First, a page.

Local DACA recipients look to uncertain future

National and World
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INDIANAPOLIS, Ind. – On Monday, the Supreme Court declined to rule on DACA, meaning the program will continue past President Trump’s March 5 deadline. But questions remain about DACA’s future long term.

President Trump rescinded DACA in September 2017. Judges overturned that, so renewals are being processed for now.

But experts say the program is still vulnerable.

Brandon Maldonado is a local DACA recipient. Now 23, his parents brought him and his sister to the United States from Guatemala 13 years ago as undocumented immigrants.

“My family, we would be torn apart,” Maldonado said about the prospect of DACA being rescinded. “I just got married so I would have to lose my wife.”

The future for his family, like many others, is unknown because DACA is caught in a heated political battle.

“The Democrats are being totally unresponsive, they don’t want to do anything about DACA,” President Trump told a crowd at CPAC last week. “It’s very possible that DACA won’t happen.”

An added complication, Maldonado has a brother who was born in the United States. He worries, if no permanent solution is reached, his family could be separated.

“I can’t even go there. I haven’t got that far,” he said.

The Migration Policy Institute shows, nationwide, 689,800 people are DACA recipients. In Indiana, that’s 9,000 people.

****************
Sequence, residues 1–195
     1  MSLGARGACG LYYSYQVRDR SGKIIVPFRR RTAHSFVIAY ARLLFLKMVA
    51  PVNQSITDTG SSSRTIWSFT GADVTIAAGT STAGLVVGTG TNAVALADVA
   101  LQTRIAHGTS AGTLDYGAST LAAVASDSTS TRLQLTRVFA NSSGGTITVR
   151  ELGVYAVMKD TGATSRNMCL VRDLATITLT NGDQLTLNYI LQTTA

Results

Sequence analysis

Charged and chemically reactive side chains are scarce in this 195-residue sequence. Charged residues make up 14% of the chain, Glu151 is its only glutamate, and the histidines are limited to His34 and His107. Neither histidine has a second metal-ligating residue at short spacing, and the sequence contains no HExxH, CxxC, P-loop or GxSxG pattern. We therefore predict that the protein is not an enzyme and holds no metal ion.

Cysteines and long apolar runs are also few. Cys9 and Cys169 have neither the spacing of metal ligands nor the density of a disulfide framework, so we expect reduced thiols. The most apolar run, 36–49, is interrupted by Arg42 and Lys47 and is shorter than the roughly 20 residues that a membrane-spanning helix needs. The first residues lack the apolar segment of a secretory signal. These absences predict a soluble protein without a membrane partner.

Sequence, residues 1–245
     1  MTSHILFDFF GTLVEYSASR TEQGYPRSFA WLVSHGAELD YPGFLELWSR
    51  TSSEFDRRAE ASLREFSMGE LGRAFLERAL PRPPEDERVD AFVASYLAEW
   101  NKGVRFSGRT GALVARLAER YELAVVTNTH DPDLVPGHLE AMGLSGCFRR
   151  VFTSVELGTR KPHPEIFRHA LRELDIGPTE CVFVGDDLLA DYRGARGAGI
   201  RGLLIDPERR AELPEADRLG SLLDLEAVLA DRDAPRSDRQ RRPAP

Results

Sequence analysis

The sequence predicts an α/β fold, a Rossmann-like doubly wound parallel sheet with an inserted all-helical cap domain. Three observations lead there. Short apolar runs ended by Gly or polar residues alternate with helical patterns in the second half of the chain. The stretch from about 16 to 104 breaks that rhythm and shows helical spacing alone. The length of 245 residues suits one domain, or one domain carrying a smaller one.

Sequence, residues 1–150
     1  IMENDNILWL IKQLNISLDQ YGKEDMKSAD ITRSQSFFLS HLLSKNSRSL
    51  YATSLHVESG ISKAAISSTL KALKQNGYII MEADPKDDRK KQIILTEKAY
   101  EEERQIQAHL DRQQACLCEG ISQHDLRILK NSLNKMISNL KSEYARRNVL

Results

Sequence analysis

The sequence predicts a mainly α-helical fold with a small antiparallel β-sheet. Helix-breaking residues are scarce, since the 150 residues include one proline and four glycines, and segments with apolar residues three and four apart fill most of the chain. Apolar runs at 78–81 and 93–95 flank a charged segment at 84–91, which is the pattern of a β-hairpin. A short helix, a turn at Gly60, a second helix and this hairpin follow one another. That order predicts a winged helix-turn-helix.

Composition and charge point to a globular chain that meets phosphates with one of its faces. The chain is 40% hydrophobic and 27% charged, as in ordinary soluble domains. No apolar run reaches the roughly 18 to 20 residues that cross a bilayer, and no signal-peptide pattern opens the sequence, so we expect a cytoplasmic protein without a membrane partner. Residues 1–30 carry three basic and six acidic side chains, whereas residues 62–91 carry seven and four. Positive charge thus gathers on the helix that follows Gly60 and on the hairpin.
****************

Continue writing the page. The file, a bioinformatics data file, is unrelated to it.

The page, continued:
“Their presence, frankly, has been uncertain since probably their entry into this country, and this is an issue that we have ignored, frankly, for decades,” said Jenifer Brown, an immigration attorney and partner at Ice Miller LLP.

Brown says keeping DACA alive or finding a permanent solution is the only path forward.

“We have people who entered the country illegally, and what they were fleeing I don’t know, a thousand different things, perhaps. Very valid, legitimate concerns,” Brown said. “And I wonder what any of us would do if faced with similar circumstances.”

A recent Quinnipiac University poll found 73 percent of American voters support legislation to allow Dreamers to remain in the United States legally; 21 percent opposed that.

Maldonado says he fears deportation to Guatemala, the place where he was born, but has few memories.

“I have no idea how to start over, over there,” he said.

The next spending bill deadline is March 23. It’s unknown if lawmakers will add a permanent DACA solution to that.

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